The uncertainty surrounding foreign train journeys inspires me to pray.
There’s always a moment, when I’m standing on the edge of a platform, tickets clutched in my hand, doubting that the train I think is arriving is the same train that is identified on my ticket. I’m not religious, but prayer, or meditation, is a more helpful exercise than panic. Plus, when travelling with Midget I can’t afford to appear vexed. She’s trusting me to have everything completely in control.
In Naples (2016), with DeepThought, I forgot to pray, double check or cross reference. So things went wrong, and then wrong again. But, apart from with the Circumvesuviana, I’ve been incredibly lucky.
The train station in Bratislava had wi-fi, which I used combined with the departure board to make a reasonable platform guess. However, the ticket was one slip of paper for both of us, inviting more doubt that remained until it was wordlessly accepted by the inspector. It included a QR (Quick Response) code which struck me as fancy for a train line where you had to leap from the train into the gravel.
We passed through stunning fields of dying sunflowers. The decaying of happiness. And arrived at Surany, where all but one of the many train lines appeared abandoned to weeds and oxygen. The station’s veranda and single clock reminded me of a western.
Nitra, a destination chosen for its larger size and pronounceable name. We could hardly miss our train for it was the only train. Compared to the clanking train from Bratislava to Surany, with its Hogwarts style carriage compartments, it was a modern build with steps down to the gravel. Yet, on our arrival we realised that the train station resembled something more like the one in our village than one belonging to a city.
Still, the city of Nitra enchanted.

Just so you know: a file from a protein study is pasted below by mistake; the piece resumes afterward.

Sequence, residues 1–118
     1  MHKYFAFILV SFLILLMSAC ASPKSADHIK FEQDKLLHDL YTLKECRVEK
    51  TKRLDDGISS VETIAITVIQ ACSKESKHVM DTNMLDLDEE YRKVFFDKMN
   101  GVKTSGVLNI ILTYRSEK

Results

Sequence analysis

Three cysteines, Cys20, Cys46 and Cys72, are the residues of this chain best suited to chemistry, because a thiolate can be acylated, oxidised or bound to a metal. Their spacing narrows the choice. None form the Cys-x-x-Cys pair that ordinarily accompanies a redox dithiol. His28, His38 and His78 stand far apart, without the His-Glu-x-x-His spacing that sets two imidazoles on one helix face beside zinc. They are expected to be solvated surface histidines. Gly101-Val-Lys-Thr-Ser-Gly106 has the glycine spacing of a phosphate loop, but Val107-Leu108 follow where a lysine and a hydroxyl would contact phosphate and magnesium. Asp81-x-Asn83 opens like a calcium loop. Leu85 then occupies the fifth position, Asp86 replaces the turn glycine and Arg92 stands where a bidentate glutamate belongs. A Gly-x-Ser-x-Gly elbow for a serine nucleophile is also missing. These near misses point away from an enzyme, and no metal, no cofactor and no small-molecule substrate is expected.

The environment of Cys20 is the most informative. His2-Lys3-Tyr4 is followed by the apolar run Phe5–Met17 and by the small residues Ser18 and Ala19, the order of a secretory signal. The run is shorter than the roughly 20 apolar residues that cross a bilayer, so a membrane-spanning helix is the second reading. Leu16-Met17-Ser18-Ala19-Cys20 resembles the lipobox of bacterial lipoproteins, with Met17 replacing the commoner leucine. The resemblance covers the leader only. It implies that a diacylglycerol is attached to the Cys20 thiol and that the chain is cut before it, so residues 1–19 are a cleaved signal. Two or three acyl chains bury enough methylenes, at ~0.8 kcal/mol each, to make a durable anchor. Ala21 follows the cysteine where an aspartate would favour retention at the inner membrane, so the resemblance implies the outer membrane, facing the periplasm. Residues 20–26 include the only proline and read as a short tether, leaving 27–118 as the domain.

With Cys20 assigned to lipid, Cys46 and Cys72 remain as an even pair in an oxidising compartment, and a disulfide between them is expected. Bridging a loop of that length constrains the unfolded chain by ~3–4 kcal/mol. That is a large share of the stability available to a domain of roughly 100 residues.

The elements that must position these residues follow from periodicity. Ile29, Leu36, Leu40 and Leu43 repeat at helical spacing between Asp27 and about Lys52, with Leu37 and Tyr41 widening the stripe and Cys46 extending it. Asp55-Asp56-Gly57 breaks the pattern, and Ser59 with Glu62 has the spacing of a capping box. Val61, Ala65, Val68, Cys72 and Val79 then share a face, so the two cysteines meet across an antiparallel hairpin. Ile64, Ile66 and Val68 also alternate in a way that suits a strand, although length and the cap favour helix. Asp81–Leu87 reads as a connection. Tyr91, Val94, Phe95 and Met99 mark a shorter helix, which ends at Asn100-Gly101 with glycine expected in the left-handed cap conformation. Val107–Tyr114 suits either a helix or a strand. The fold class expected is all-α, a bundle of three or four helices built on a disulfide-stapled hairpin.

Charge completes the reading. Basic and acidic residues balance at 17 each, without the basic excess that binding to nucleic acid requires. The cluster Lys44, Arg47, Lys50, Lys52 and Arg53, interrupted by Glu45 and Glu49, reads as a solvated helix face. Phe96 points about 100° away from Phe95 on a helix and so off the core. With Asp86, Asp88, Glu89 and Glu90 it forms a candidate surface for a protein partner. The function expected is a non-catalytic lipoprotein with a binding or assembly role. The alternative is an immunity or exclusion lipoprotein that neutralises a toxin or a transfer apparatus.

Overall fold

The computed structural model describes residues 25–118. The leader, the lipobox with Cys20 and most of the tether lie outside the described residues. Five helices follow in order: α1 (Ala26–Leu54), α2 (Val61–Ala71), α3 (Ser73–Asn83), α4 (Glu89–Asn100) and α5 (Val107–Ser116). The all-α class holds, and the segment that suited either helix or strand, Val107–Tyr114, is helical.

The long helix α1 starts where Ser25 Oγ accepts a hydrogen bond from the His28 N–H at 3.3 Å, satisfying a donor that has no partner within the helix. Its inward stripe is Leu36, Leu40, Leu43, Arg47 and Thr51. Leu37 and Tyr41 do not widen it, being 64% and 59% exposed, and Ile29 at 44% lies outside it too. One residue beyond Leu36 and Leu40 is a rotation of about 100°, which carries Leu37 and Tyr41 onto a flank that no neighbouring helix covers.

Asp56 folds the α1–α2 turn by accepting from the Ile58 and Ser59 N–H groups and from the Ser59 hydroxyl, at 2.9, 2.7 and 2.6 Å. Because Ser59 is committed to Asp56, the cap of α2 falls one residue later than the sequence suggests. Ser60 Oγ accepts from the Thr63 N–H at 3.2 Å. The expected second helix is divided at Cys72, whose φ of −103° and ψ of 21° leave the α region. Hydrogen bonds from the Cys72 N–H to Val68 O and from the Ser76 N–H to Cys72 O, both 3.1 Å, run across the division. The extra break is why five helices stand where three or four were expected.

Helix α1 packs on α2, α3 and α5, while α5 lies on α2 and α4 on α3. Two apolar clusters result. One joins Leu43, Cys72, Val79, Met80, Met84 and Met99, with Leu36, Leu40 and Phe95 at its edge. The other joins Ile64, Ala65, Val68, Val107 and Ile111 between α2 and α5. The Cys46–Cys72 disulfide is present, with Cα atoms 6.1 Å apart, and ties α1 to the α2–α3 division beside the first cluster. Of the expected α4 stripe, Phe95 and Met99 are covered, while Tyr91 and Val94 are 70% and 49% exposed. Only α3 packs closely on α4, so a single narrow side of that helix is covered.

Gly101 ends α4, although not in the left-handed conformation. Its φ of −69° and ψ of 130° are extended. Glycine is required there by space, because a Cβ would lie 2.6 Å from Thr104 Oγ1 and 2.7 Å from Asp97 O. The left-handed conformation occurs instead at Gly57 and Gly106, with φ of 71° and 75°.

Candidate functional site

Not with impressive architecture. Nor with any fancy food – although my pasta bake with pizza dough crust was something special. Instead it struck me as a place you’d want to raise children. Maybe it’s a cultural thing. By peeling ourselves away from the tourism of Bratislava, we had stepped out of the English-speaking world. As now we weren’t being sold an idea of Slovakia, we were in Slovakia.
I felt it proved that something was missing from home. The overwhelming feeling of Nitra was one of family. Everywhere we went there were adults and children together, and a startling absence of screen staring. Midget agreed, and our conversations kept returning to this sensation of community that we couldn’t quite describe. A short walk from where we rented a room was a large park. Here, adults and children cycled and swept along on their rollerblades. Little cafés stood within a mass of playgrounds. There were deer, goats, a sheep, a cow and a donkey. Children took pony rides and built castles in the sandpits. The adults chatted and laughed.
A tiny child parked his pedal-less bike in the bike rack beside the café where we were sitting drinking kofola. He just got on with it, without any doubt that his bike and the other bikes all belonged together.